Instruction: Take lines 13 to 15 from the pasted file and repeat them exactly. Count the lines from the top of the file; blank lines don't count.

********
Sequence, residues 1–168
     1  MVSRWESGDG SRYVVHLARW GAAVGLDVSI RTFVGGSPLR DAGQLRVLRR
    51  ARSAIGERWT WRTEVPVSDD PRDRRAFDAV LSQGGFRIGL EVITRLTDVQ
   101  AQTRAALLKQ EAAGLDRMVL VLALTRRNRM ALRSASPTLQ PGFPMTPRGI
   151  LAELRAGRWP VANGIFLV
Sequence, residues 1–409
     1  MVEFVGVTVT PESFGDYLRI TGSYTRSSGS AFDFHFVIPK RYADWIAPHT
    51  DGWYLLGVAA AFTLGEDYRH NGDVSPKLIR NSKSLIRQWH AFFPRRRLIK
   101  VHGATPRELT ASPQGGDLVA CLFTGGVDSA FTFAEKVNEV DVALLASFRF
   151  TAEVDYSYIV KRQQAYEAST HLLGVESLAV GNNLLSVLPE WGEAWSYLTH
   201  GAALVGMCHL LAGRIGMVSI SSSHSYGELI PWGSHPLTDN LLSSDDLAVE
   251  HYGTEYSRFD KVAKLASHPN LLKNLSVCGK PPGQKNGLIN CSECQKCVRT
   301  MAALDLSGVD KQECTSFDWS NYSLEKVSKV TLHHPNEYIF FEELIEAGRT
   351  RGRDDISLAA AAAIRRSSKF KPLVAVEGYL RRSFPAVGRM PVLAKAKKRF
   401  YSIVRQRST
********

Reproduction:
   301  MAALDLSGVD KQECTSFDWS NYSLEKVSKV TLHHPNEYIF FEELIEAGRT
   351  RGRDDISLAA AAAIRRSSKF KPLVAVEGYL RRSFPAVGRM PVLAKAKKRF
   401  YSIVRQRST